“The situation has not changed radically - it is tough,” the head of the Avdiivka city military administration Vitalii Barabash said in daily update on Wednesday. “The defense line around the city and in the city itself is constantly under fire. (The Russians) are firing with everything they have.”
Airstrikes, missiles and artillery, constantly pointed at the city and its surroundings. Russia has been able to make small gains west of Krasnohorivka, to the north of Aviidvka, but those marginal advances have come with a heavy price tag and Moscow’s still a long way off from its objective.
“Russian troops continue to try to encircle Avdiivka, making numerous attempts to storm it,” the Ukrainian National Guard said in an update Wednesday. “Our soldiers are steadfastly holding the line, inflicting significant losses in manpower and equipment on the enemy.”
On the ground, the fighting constant and fierce.
“Small arms battles and artillery duels continue around the clock,” Barabash explained. “The assault continues 24/7.”
And after losing a large chunk of military equipment, including tanks and armoured personnel carriers, in the first few days of the offensive, Russia seems to have shifted to a tactic it knows well, the same it used on Ukrainian forces defending the city of Bakhmut.
“The enemy is assaulting, throwing more and more flesh,” Barabash explained. “The Russians decided to push on, they keep going despite the losses.”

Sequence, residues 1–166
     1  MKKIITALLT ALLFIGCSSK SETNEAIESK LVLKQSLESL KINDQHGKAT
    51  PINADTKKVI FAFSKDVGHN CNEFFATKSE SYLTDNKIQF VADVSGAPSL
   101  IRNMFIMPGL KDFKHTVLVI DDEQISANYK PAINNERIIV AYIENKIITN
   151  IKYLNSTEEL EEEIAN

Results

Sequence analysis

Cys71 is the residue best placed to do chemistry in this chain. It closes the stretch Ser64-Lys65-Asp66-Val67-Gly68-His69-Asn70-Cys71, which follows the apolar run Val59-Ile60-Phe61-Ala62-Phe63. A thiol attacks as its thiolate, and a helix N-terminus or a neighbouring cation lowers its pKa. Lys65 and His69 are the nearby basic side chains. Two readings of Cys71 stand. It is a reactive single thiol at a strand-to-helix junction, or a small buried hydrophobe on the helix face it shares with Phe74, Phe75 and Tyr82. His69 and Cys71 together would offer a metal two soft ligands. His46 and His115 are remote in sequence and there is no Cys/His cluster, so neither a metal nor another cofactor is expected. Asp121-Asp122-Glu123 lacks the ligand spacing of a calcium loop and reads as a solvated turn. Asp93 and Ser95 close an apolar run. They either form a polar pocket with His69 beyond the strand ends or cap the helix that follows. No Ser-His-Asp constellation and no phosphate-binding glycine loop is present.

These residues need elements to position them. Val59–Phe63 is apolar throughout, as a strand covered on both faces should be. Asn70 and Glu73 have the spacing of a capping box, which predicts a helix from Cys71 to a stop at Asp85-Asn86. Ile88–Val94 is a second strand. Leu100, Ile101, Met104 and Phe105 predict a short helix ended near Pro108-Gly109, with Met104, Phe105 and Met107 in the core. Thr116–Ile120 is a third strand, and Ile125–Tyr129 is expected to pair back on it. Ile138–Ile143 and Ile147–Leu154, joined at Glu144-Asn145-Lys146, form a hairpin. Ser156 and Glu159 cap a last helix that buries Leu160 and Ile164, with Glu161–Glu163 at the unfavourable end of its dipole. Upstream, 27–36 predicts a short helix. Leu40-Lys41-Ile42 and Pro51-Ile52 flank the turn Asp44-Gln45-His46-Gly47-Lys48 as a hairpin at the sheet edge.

But for those who go to Avdiivka day in and day out, that’s where the comparisons end.
“I don’t think it’s the same as Bakhmut. Avdiivka is a battle-hardened town, it’s been through a lot,” Solviy said. “People there are used to it.”
No building left intact
While Moscow’s strategy has failed to play out as intended, it has still exacted a toll on Avdiivka. The city’s sole hospital is still functional but unable to provide advanced care.
“The hospital operates as a stabilization point. Here patients are stabilized and we further transfer them to other cities, where people are provided with more professional help,” Solviy explained, adding there’s not enough staff for the demand. “There is a chief physician Vitalii Sytnik and up to 10 nurses.”
Aside from the hospital, Avdiivka’s civilian infrastructure is all but gone.
“There is not a single building left intact,” Barabash said on Wednesday, while Solviy shared a similar view.
“Everything is destroyed,” the officer said. “Back in the summer, there were hopes that we might come back. There had not yet been heavy destruction.”
“Now it is an irreversible process. The city is a ruin,” he added.
But while some people remain, Solviy will continue his daily trips to Avdiivka, hoping to ease the suffering and provide some comfort.
“I could have been a regular cop, shuffling papers in my office. I chose to be a White Angel,” he said. “It can be scary. Sometimes the fear just takes over, but then it goes away and I keep going.”